A recap of the day’s activities at the Seahawks’ minicamp:
Deion Branch. Pete Carroll had said several times since being hired as the Seahawks coach in January how much he likes Branch’s talents and how well the veteran wide receiver would fit in the new offense being installed by coordinator Jeremy Bates.
Branch turned in a that’s-exactly-what-I-was-talking-about performance in today’s practice to cap a strong three-day minicamp.
“Deion Branch had a very, very good three days,” Carroll said. “He showed up, and showed off a little bit today.”
That he did. Early in practice, Branch reached back to make a one-handed grab of a pass from Matt Hasselbeck. Later, in the 7-on-7 drill, Branch made a nice falling grab along the sideline of a pass from Charlie Whitehurst. In the same drill, Branch caught a pass over the middle and another in the flat.
“That’s what I’m here for,” Branch said. “They give me the opportunity; I’m going to make plays. That’s all I ask for.”
And Branch has asked, after a couple of season where he felt he was underused.
“I asked the coaches, and they told me, ‘We’re going to get you the ball,’ ” Branch said. “So I’m going to try and make the best of it. If I don’t have the opportunities, I can’t make the plays.”
Carroll definitely has plans for Branch to get those opportunities.
“He’s going to have a big role in the offense,” Carroll said. “I think he recognizes that and really embraced that and really is excited about what’s going on.
“We have to go to him. He’s just too well equipped. He’s in great shape. He’s worked out hard. He performed beautifully in this camp. And showed that all those thoughts we had about him coming in are legit.”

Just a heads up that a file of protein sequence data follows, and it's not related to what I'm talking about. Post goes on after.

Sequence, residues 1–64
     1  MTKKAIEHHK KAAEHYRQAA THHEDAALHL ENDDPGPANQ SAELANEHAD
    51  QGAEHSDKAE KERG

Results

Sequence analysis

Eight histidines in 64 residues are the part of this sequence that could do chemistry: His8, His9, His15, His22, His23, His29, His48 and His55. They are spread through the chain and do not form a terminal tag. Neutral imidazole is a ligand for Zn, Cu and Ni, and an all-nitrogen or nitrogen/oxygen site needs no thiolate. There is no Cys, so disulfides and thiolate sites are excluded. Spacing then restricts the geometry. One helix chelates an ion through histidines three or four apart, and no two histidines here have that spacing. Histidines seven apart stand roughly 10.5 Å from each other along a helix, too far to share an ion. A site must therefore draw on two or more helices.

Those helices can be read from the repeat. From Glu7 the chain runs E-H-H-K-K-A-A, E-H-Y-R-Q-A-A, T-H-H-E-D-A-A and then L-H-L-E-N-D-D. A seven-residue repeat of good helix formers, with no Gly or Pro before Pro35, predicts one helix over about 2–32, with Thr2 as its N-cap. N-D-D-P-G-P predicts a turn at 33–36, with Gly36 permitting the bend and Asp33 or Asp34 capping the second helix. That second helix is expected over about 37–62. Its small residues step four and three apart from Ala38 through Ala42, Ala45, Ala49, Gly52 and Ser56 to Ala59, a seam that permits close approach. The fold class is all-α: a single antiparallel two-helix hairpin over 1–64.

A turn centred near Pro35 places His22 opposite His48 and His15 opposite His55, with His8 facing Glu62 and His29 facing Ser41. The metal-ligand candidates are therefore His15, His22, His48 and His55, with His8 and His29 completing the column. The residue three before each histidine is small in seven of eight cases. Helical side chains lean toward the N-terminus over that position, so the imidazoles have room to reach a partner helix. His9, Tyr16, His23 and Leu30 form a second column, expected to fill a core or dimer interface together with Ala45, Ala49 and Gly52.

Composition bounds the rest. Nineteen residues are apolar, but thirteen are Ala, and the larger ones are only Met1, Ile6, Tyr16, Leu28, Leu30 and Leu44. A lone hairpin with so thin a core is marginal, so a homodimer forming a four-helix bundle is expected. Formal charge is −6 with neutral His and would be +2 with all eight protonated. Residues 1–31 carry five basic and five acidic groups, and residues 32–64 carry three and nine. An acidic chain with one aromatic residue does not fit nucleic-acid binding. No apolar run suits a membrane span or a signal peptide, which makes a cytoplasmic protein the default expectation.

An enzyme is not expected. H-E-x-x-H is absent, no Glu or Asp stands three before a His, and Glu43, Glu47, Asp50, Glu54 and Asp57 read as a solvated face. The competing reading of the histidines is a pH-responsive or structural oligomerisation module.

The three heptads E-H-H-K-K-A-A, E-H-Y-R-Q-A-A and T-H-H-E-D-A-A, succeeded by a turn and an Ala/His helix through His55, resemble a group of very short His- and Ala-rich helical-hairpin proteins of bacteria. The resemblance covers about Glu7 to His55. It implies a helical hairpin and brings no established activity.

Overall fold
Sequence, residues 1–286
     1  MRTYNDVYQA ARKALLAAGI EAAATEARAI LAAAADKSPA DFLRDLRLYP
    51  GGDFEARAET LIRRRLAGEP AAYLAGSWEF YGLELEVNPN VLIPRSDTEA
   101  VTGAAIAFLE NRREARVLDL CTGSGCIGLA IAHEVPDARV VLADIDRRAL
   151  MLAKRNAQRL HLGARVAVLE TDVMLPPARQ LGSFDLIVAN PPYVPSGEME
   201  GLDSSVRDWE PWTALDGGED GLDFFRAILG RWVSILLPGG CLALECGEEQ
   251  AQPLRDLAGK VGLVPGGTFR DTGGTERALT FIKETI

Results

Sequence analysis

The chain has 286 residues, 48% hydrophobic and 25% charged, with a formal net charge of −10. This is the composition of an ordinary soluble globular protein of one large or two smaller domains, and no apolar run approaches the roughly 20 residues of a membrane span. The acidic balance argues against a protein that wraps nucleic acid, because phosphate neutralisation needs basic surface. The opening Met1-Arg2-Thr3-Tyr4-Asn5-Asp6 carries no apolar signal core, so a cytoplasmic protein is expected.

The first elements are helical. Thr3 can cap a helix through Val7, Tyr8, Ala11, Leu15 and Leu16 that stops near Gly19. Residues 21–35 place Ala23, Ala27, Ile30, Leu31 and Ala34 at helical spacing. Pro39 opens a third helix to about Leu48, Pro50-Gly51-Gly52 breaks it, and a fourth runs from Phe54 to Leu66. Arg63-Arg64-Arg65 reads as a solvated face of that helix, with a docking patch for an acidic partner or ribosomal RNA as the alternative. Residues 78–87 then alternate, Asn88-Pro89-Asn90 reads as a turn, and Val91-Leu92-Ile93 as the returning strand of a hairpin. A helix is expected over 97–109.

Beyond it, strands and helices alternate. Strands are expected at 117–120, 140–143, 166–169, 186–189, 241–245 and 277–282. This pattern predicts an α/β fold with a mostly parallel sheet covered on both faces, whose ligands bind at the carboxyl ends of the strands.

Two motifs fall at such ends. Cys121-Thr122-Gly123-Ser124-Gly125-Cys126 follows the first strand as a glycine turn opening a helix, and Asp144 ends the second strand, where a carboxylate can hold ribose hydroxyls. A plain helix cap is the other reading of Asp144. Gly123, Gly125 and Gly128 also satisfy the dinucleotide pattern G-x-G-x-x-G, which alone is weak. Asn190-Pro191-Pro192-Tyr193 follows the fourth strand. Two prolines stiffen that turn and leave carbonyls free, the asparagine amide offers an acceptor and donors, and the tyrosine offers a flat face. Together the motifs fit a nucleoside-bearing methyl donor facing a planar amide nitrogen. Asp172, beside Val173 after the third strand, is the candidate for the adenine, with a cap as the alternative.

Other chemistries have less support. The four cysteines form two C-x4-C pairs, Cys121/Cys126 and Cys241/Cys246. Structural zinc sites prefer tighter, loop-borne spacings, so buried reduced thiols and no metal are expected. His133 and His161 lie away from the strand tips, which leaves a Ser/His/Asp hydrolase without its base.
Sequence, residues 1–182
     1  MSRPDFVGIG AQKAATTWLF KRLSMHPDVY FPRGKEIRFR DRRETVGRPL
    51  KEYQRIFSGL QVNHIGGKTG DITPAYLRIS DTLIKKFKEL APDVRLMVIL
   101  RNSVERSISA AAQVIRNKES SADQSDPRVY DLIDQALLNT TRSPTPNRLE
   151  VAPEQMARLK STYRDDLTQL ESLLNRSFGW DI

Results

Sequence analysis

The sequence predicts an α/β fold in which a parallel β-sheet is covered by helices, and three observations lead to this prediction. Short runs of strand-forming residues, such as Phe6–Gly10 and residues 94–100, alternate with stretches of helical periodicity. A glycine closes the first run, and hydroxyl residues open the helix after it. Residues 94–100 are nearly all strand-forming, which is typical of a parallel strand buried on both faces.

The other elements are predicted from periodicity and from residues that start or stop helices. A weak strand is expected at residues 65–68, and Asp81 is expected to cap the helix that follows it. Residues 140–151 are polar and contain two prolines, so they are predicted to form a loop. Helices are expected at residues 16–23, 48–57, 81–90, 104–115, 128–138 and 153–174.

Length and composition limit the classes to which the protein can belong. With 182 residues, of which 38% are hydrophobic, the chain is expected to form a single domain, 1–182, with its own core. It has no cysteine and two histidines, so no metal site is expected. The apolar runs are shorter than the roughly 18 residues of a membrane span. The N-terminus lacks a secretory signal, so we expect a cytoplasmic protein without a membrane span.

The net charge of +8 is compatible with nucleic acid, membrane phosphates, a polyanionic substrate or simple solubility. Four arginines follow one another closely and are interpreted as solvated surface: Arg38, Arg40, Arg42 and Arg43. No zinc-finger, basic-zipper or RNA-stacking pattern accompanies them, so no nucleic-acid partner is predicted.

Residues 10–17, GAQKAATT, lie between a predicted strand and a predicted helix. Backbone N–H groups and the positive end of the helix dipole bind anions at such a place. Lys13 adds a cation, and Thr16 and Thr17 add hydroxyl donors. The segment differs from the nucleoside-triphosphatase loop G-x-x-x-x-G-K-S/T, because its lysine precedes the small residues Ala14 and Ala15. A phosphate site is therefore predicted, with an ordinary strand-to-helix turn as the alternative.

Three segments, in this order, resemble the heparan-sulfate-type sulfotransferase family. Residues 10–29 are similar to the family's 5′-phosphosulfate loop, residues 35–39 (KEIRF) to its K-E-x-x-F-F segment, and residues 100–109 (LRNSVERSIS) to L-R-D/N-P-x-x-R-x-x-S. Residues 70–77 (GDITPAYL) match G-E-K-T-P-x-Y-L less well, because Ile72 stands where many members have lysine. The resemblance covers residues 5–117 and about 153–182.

A major hurdle in Branch delivering consistent production since being obtained in a 2006 trade with the New England Patriots is that he has been unable to stay healthy.
“It’s really hard to evaluate a guy when he’s been banged up,” Carroll said. “You can have these expectations; he just can’t meet them because he’s not right. He’s right now, and hopefully we’ll have him healthy during the season and away we go.”
Tryout players. They weren’t really a “unit,” but the 17 players the team had in for tryouts this week outnumbered the bodies at any of the traditional units – by far.
The number of players caught even GM John Schneider by surprise.
“That was phenomenal,” Schneider said. “I thought they did a great job. I was shocked at the way the guys jumped in.”
Schneider singled out Shawn Bayes, who was a receiver at Kent State but came to camp as a cornerback.
“This is his first time playing corner, but the coaches were excited about him in terms of being able to function in a minicamp,” Schneider said.
The wide receiver tandem of Reggie and Mike Williams drew the most attention, because they are former first-round draft choices and the kind of big targets the Seahawks’ passing game has been lacking. But no one got more work than Ryan Powdrell, a fullback from USC. Owen Schmitt was the only other fullback in camp, so Powdrell got ample opportunity to show his stuff.
“Ryan Powdrell did a nice job at the fullback position for us,” Carroll said. “I thought he looked good.”
The team will spend the next or so deciding which of the tryout players it might sign, Carroll said, and he mentioned Powdrell, cornerback Kennard Cox and Reggie and Mike Williams as the players that caught his eye.
YOU DON’T SAY
“It’s interesting. When you meet with coach Norton, you get the coach sometimes and sometimes you get the player from coach Norton. He can tell you the X’s and O’s from the playbook, but he can also tell you how it happens from instinct and from playing the position.” – second-year linebacker Aaron Curry, on being coached by former Pro Bowl linebacker Ken Norton